RFA, Growth Energy slam inaccurate Reuters report on ethanol GHGs

Source: By Erin Voegele, Ethanol Producer Magazine • Posted: Monday, September 12, 2022

The Renewable Fuels Association and Growth Energy are slamming a Reuters article published on Sept. 8 that recycles highly misleading claims about the greenhouse gas (GHG) impact of U.S. ethanol plants.

The Reuters article, in part, cites the widely discredited study by Tyler Lark and others, which was published in February. Lark’s research has been specifically criticized by researchers at the U.S. Department of Energy’s Argonne National Laboratory, Perdue University, and the University of Illinois. A review of Lark’s work posted to the ANL website points out major flaws in his research and concludes “that the results and conclusions provided by [Lark, et al] are based on several questionable assumptions and a simple modeling approach that has resulted in overestimation of the GHG emissions of corn ethanol.” The ANL response also criticizes Lark’s study for doubling counting emissions and using outdated and inaccurate projections.

The Reuters article also misrepresents the “grandfathering” provisions implemented by the U.S. EPA when the Renewable Fuel Standard was expanded under the Energy Independence and Security Act of 2007.

The RFA points out that just because an ethanol plant was “grandfathered” under the EPA’s rules to implement the RFS, that does not mean the facility isn’t meeting or surpassing the 20 percent GHG reduction requirement that non-grandfathered plants must meet to participate in the RFS. “The plants were grandfathered based on the date they commenced construction, not based on their actual GHG performance,” said the RFA in a statement. “In fact, dozens of ethanol plants have clearly demonstrated to EPA (via the efficient producer pathway process) that they are surpassing the 20 percent threshold. We do not see how one can argue that ‘grandfathered plants contribute 40 percent more emissions than non-grandfathered plants.’ There is no way of knowing that, as grandfathered plants that did not pursue an efficient producer pathway do not submit their full lifecycle carbon intensity scores to EPA.”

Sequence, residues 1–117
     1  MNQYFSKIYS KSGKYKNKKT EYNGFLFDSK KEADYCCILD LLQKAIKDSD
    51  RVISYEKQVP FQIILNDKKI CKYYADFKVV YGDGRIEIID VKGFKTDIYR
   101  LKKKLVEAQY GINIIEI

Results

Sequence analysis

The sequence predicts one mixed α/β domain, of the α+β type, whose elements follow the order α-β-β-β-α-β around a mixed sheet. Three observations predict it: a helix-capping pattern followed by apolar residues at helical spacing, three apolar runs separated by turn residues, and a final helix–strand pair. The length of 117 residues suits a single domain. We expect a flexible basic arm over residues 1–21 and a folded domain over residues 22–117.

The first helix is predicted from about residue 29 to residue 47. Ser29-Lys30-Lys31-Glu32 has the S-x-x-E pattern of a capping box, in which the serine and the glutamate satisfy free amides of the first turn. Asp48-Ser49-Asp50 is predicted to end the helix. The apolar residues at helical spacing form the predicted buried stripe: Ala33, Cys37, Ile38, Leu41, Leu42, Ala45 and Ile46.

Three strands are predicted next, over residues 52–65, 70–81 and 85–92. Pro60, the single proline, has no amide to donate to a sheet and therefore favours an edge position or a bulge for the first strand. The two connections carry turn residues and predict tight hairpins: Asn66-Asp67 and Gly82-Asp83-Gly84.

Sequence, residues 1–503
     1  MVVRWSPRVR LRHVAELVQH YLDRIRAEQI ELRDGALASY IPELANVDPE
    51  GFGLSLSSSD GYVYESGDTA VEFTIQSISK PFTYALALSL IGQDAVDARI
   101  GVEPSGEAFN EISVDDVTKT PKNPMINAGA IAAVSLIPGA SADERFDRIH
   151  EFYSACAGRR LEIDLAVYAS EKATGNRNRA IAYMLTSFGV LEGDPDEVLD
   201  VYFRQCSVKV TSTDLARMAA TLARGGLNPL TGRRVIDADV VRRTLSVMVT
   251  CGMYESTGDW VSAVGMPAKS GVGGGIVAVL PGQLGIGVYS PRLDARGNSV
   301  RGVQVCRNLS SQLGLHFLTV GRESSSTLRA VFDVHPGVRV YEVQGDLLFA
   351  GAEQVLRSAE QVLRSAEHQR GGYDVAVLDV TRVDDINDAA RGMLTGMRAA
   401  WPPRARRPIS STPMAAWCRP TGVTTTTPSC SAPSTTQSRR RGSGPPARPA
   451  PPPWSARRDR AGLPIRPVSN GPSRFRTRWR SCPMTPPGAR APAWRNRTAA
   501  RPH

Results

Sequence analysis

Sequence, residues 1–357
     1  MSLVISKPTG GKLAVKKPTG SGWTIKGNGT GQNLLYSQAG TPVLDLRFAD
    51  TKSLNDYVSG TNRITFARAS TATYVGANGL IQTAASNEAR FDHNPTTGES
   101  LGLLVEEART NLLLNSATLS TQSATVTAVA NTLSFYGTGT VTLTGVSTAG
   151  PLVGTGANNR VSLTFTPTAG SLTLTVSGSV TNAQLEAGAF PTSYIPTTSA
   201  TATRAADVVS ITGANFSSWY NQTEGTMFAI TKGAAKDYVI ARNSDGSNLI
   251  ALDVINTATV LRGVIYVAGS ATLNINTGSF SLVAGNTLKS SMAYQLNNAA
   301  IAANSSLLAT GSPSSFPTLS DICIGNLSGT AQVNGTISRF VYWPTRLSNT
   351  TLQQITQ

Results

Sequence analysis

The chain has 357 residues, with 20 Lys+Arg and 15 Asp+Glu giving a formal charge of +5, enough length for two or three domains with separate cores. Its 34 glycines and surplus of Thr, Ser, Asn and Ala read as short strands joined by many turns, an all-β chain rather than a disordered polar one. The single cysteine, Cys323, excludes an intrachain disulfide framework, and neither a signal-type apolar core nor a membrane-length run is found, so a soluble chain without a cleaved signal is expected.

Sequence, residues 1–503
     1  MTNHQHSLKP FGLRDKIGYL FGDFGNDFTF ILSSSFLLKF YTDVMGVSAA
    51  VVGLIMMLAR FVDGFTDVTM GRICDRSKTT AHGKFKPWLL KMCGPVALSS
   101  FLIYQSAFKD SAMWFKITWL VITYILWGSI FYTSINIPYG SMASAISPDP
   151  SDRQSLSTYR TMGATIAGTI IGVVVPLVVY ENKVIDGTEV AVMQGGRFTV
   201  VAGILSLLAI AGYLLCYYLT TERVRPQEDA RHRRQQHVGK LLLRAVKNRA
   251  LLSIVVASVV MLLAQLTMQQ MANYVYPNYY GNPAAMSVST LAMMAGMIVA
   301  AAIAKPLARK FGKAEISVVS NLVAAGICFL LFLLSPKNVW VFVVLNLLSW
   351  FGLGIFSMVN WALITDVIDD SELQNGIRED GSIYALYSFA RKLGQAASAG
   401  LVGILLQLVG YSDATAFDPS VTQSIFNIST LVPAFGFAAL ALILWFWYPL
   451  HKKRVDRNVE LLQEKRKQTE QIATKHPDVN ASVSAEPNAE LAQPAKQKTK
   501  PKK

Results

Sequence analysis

The RFA and Growth Energy are also criticizing the Reuters piece for focusing exclusively on stationary-source emissions, rather than the full lifecycle impacts of the fuel. “Compounding the distortion, by its own admission, the Reuters analysis cherry-picked one isolated part of the carbon lifecycle – where yeast ferments renewable starch into fuel and CO2 – while ignoring CO2 taken out of the atmosphere when growing crops, tailpipe reductions, or even the biogenic CO2 captured for reuse in beverages, refrigeration, and meatpacking,” said Emily Skor, CEO of Growth Energy. “By repeating false claims from Lark and others without any meaningful context, the report does little more than lend ammunition to misinformation campaigns aimed at halting climate progress.”

The RFA provided an example to the Reuters author of why examining stationary-source emissions in isolation of the rest of the fuel’s lifecycle is misleading and problematic. “If one took the same analytical approach to electricity that the reporter is taking with ethanol and petroleum refining, the emissions related to electricity generation across most of the United States would be 14 to 35 times worse than the estimate for ethanol (per gasoline-gallon equivalent) and 27 to 66 times worse than the estimate for refined petroleum products (the low end is natural gas; high end is coal),” according to the RFA.

“To truly understand the climate impacts of transportation fuels, you have to look at the emissions associated with every step in the production process,” said Geoff Cooper, president and CEO of the RFA.” Narrowly focusing on just one piece of the carbon lifecycle is inappropriate, misleading, and misses the forest for the trees. When all of the energy inputs and emissions related to producing corn ethanol are properly considered from beginning to end, it is clear that the fuel has a lifecycle carbon intensity that is 40-50 percent lower than gasoline. The science is clear that ethanol offers a significant and immediate carbon savings compared to petroleum.”

“This isn’t the first hit piece orchestrated by those opposed to renewable energy, and it won’t be the last,” Skor said. “That’s why Growth Energy will never stop fighting to make sure the American public, and our elected officials, are armed with the truth.”